Ticket, but no place to ride


Normal rail services in the northern suburbs were disrupted after two serious acts of vandalism on the Kraaifontein and Kuils River lines in the last two weeks.

Last week, Passenger Rail Agency of South Africa (PRASA) spokeswoman Riana Scott said circuits on the line between Kraaifontein and Bellville were vandalised on Friday February 19. A week earlier, circuits had been vandalised on the Kuils River line on Thursday February 11.

On Tuesday February 16, Richard Walker, Prasa’s rail services’ regional manager, told the provincial legislature’s standing committee on transport that the rail service had seen a spike in vandalism.

Ms Scott said that from April 1 last year to date, there had been 72 incidents of vandalism on the northern suburbs lines, averaging seven to eight incidents a month.

These acts of vandalism, she said, “were committed on a Prasa-owned network only”, and excluded Transnet’s vandalism cases in the northern suburbs, which also has an impact on Metrorail trains utilising that network “notably north of Kraaifontein to Worcester and Malmesbury”.

Ms Scott said vandalism in the Western Cape was costing Prasa R6 million to R10 million a year, excluding the cost of lost productivity to employers.

Depending on the extent of the damage, it could take anything from a few minutes to several months to repair vandalised circuits.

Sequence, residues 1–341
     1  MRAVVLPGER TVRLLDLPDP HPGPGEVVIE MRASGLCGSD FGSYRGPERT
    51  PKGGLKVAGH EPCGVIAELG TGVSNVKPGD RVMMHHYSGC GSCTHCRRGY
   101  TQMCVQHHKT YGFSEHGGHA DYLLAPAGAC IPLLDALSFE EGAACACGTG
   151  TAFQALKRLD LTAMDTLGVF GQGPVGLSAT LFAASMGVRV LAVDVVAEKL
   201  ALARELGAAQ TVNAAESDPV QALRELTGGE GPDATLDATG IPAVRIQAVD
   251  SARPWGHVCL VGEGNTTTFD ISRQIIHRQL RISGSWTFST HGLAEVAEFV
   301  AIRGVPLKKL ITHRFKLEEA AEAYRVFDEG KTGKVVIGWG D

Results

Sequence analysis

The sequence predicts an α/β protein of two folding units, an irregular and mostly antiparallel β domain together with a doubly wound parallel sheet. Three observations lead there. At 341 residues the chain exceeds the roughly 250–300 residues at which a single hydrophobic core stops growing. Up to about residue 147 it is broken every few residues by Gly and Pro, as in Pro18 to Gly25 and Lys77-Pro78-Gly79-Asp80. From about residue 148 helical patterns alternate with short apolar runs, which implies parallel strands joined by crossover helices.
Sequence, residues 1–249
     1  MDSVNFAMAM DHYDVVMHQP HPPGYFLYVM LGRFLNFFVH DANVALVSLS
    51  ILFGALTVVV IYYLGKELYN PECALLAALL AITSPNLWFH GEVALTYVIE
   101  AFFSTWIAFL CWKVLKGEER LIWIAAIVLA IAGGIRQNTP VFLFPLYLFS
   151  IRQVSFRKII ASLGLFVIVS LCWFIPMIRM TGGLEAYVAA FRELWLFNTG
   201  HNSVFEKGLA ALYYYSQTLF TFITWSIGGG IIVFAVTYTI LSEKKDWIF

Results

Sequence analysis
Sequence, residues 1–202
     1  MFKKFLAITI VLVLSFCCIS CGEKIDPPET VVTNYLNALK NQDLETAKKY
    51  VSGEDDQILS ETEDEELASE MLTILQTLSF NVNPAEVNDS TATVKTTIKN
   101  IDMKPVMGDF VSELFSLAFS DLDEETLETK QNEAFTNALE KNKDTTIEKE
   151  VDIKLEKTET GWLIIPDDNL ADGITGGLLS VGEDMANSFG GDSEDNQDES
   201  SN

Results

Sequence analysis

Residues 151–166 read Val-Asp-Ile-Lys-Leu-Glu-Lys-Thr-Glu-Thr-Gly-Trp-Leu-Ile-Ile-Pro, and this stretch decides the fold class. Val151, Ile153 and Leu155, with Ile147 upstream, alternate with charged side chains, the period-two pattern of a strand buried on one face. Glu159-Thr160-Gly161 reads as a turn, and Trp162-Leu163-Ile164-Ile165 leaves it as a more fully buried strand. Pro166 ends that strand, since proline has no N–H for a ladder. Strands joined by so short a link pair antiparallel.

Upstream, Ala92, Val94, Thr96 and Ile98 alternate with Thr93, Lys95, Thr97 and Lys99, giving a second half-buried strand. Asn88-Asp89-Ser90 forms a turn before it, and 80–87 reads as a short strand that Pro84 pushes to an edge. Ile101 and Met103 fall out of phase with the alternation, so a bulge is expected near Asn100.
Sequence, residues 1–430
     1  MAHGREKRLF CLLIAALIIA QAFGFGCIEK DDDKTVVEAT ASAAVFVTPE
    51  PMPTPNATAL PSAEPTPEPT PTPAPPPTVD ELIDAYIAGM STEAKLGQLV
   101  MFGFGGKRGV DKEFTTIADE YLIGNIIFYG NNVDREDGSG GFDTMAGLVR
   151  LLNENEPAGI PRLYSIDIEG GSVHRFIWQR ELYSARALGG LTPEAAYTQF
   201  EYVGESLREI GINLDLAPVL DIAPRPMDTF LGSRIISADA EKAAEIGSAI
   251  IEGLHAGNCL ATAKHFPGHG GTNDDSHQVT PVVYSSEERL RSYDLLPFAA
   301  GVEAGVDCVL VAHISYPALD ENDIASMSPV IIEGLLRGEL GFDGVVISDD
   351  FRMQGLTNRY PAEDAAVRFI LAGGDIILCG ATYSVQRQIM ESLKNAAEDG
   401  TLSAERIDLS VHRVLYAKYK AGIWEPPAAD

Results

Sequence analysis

“This also depends on the availability of material or specialised equipment and the procurement process associated with the acquisition of stock and conducive weather conditions,” she said.

Earl September, a service quality monitor for Metrorail and a journalist, conceded that while Metrorail’s service was not up to scratch because of vandalism it was better now then it had been a year ago.

“Service, however, does not only mean trains operating, but also includes protection services, customer service and the technicians fixing problems – who all have their challenges as well,” he said.

Mr September said he didn’t think Mr Walker’s parliamentary briefing would have any bearing on the status quo.

“Something good will come (if) the portfolio committee on transport took a train for a month or two, and experienced the service the ordinary citizen (does),” he said.